Apologies if Meta is not the place for this. Let me know if not, and I will delete. (If it's an OK Meta question, I'd take suggestions on a better title!)

I asked a rather badly-worded-novel-of an excel/vba question (after a long search). Heading was fine, text was questionable:

Combine two overlapping tables of date ranges

I received an answer that DOES work with the data given, but is too slow for my purposes (because that data was just a tiny bit of a larger project) and is tightly tied to example data. I finally figured it out on my own.

I would self-answer, but my code is 200 lines and wouldn't make sense without the spreadsheet. (Plus, my VBA coding is definitely not "best practice" stuff - it's a side-language.)

But I can explain what I did.

I've searched for an answer to this particular problem several times over the last few years, so I am pretty sure that the question itself is a good question.

I HATE coming to SO and finding a question very close to my issue, but without an answer, or with a very specific coding answer that can't easily be revamped for what I'm doing.

Should I:

  1. Delete the question and know that I now know what I need to know? I'd hate for someone to find this and think, "Wow, that was exactly my question, but unfortunately, the answer is too slow/very specific to the data"

  2. Mark the answer as correct, even though I didn't use it (it DOES work, and is simpler than my solution, though slower and data specific) and leave it?

  3. Explain what I did briefly, without code and mark one of the two (mine or the original answer-er) as correct?

  4. Delete the question and create a self-answer question with a limited data set, not the novel I wrote for this question, and again, explain how I solved it without having to post 200 lines of code and a spreadsheet?

I think it's a valuable question, given how many times I have searched for it. I think an explanation of the logic would have enabled me to figure things out a lot sooner.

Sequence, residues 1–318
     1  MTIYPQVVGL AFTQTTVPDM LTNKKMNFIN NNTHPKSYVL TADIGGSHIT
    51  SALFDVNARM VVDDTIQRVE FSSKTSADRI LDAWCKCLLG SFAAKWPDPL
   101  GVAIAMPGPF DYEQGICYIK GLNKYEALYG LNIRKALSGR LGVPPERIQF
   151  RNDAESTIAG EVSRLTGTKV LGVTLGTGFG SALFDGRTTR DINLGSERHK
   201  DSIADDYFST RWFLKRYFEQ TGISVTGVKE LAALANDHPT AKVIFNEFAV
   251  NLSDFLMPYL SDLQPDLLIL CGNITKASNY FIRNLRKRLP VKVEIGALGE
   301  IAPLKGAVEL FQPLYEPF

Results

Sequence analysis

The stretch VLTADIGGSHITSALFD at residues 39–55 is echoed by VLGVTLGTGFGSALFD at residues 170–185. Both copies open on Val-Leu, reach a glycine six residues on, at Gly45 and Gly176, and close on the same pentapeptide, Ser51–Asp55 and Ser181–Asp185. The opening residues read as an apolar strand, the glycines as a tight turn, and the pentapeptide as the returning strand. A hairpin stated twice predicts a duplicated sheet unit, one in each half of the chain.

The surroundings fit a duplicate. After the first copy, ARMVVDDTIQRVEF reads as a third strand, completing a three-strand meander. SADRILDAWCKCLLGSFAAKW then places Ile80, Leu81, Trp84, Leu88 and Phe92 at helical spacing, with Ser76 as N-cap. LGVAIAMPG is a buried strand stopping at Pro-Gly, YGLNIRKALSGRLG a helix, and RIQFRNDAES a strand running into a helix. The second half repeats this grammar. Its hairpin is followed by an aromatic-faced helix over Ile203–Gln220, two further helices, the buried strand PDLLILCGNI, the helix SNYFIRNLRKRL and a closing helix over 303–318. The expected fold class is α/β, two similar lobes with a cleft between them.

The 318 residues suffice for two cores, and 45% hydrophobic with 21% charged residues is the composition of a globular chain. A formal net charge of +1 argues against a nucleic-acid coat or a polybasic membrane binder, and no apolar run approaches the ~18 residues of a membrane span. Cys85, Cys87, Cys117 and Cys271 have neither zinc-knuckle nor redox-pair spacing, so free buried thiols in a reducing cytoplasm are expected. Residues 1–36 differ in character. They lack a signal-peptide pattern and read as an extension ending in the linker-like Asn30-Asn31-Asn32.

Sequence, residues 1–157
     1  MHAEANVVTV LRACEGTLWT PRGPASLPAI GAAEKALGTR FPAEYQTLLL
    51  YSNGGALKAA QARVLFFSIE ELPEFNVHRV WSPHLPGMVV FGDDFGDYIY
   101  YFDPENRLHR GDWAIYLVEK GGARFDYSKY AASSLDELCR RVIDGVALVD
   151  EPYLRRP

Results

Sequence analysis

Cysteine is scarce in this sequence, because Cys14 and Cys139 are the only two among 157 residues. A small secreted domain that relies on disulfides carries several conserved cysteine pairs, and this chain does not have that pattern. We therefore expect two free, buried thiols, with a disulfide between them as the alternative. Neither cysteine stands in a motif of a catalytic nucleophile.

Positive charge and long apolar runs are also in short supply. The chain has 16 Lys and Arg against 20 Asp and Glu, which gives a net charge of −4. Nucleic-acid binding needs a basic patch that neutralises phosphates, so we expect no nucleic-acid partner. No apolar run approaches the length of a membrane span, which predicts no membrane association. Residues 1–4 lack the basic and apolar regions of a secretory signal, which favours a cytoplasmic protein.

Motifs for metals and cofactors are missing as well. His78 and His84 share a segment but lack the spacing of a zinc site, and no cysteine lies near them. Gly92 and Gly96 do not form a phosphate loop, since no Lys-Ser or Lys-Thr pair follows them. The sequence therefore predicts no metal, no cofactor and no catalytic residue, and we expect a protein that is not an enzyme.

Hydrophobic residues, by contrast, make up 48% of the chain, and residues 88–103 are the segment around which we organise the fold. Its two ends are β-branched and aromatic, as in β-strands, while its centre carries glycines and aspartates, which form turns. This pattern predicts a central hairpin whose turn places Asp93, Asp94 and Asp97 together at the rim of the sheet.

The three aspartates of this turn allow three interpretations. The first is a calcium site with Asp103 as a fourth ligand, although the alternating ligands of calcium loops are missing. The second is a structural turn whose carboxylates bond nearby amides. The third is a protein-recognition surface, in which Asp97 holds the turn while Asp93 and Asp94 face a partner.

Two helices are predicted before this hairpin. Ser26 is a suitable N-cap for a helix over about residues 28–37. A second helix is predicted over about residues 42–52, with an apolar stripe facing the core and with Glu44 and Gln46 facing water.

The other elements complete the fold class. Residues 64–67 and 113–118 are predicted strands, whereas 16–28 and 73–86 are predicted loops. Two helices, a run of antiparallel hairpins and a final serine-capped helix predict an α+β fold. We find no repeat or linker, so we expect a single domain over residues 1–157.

What is considered the best/the most useful thing to do?

  • 6
    Plus, my VBA coding is definitely not "best practice" stuff It doesn't have to be perfect to be useful.
    – BSMP
    Commented Jul 21, 2017 at 22:47
  • I get that, but everything I do is pretty rushed, and sometimes I'm bandaiding around myself. I think I'm going to try to write an explanation, though, so hopefully that will suffice.
    – Julie
    Commented Jul 21, 2017 at 23:03
  • I have no idea what you mean by "novel"
    – kojow7
    Commented Jul 24, 2017 at 16:15
  • 2
    @kojow7 "Novel" here means a long work of fiction Commented Jul 24, 2017 at 16:16
  • @kojow7 In English describing something as a "novel" is a figure of speech used to describe a document or a what some one has said as unnecessarily long and/or having too many words. The reason Novel is used as such is as ConCave described (literal definition refers to a type of long form text). Similar phrases include "long winded", "essay", and "dissertation".
    – Krupip
    Commented Jul 24, 2017 at 16:36

1 Answer 1


While I can't speak to the VB portion of your specific question, I will say the least constructive things to do would be to delete anything. Your question is fine and doesn't have any downvotes on it, so removing it would be a pity (and likely hurt you in the future since you do have an answer on it).

You also physically can't because there's a positively-scored answer on your question that isn't yours.

From there, what to do next depends on what your goal is.

  • If you want to share the knowledge of what you've done and how you solved your problem, feel encouraged to answer it.

  • If you want to thank the user for answering your question, and you're reasonably certain that it helped, then accept their answer.

You're not obligated to do either of these things, but I personally believe that answering your own question with a concise explanation would be the best option here.

  • Thanks! That positive vote is my vote, btw. I'm not really concerned about my SO "Rep", just more concerned that someone gets an answer to the same question, if that makes sense. I guess I'll make an attempt at a concise explanation. As for accepting...the answer WORKED, but I didn't use any part of it, so I'll have to think about that one.
    – Julie
    Commented Jul 21, 2017 at 23:01
  • 9
    @Julie "accept" means only one thing - "answer was helpful to OP" - so if it was helpful (and preferably correct, also correctness mostly indicated by votes) there is no problem to accept it even if you ended up not using the answer (presumably because you've gained some knowledge from the answer). If you going to provide your own answer you'd need to think which one you find more useful - perfectly fine to accept your own in such case. Commented Jul 21, 2017 at 23:45

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